The Art of Sadao Watanabe


On display during October and November in the Square Halo Gallery will be art by Japan’s foremost Christian artist, Sadao Watanabe (1913-1996). Converted from Buddhism to Christianity at 17 years old, he combined his new faith with katazome—the traditional Japanese folk art of stencil dyeing. Each hand cut print was created using a complicated traditional stencil art form formally used for dying kimonos. Watanabe created colorful representation of biblical scenes that he hoped would speak to his people. He clothed all the biblical characters in the Japanese dress of kimonos. Noah’s Ark looks like a Japanese cricket cage filled with a menagerie of animals. He depicted the Last Supper with a spread of fish and sake, and the Wedding at Cana with a declawed lobster—all familiar traditional foods of his people.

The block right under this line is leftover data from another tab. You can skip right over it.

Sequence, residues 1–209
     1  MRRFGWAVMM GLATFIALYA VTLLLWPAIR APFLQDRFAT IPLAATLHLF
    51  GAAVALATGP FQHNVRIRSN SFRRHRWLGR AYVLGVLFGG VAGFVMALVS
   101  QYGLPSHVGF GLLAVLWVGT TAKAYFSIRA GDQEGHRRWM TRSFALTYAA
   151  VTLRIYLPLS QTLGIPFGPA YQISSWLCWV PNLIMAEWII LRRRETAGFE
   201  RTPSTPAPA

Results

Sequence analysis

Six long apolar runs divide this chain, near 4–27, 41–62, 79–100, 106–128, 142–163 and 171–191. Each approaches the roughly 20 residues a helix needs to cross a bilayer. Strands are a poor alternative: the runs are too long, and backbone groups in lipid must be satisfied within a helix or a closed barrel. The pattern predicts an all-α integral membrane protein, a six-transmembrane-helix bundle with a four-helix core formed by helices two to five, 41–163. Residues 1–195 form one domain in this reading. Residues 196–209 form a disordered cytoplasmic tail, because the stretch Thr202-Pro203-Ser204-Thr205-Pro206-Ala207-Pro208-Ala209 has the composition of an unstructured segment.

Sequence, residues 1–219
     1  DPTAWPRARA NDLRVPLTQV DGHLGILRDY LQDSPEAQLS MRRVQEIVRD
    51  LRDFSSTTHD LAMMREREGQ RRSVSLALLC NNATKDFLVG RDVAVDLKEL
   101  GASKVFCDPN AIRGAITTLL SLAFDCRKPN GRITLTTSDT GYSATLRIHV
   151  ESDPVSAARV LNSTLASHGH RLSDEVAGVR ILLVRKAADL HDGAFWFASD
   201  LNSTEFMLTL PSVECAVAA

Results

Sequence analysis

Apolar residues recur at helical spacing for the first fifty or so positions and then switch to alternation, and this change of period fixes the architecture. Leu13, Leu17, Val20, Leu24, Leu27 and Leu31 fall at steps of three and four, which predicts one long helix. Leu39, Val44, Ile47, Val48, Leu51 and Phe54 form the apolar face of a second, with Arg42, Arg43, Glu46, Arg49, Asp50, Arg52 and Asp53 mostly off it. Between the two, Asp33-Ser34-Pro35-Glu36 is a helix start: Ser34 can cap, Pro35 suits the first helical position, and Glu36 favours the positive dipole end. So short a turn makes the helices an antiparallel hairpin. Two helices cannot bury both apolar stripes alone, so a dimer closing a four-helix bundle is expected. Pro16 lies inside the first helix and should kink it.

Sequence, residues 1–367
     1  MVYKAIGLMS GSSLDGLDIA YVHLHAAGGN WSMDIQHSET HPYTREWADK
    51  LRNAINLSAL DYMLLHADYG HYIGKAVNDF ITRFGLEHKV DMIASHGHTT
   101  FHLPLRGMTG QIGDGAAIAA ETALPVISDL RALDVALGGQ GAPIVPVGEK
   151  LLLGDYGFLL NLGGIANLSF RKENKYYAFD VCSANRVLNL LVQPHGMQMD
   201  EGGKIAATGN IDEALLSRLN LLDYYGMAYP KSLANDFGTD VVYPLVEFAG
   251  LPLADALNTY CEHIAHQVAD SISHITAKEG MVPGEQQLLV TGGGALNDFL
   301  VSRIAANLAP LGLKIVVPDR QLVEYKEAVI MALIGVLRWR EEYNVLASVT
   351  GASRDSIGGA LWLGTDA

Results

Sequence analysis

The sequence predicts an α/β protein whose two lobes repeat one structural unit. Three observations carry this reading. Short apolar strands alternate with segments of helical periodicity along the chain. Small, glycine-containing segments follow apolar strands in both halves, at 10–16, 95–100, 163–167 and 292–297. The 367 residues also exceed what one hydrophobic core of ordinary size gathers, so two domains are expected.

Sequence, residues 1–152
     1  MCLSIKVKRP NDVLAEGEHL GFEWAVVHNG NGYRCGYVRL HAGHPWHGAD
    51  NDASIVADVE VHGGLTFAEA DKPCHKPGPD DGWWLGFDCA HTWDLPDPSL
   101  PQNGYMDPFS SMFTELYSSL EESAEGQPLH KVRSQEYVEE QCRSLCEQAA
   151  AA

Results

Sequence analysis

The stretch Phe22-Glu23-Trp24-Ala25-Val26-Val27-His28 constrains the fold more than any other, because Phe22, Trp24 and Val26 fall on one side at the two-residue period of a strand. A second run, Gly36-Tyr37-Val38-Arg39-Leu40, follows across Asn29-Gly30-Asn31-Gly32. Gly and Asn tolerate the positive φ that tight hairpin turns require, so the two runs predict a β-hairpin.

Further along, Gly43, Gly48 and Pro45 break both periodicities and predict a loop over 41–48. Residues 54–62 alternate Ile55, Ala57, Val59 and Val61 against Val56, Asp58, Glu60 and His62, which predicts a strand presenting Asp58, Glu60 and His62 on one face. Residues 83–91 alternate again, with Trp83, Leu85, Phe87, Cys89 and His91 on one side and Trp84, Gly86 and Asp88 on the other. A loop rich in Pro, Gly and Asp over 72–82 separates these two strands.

His prints are part of many international collections including the Vatican Museum, National Galleries in Washington, DC and London, the Metropolitan Museum of Art in New York, the Museum of Fine Arts in Boston, and the National Museum of Modern Art in Tokyo.


The art on display during this exhibit will not be for sale, but the book Beauty Given by Grace: The Biblical Prints of Sadao Watanabe will be available. A short lecture about the art of Watanabe will be presented by the gallery’s curator on October’s First Friday. Can’t make it out on First Friday? The lecture and exhibit are available during October and November to school groups or church gatherings by special appointment—simply email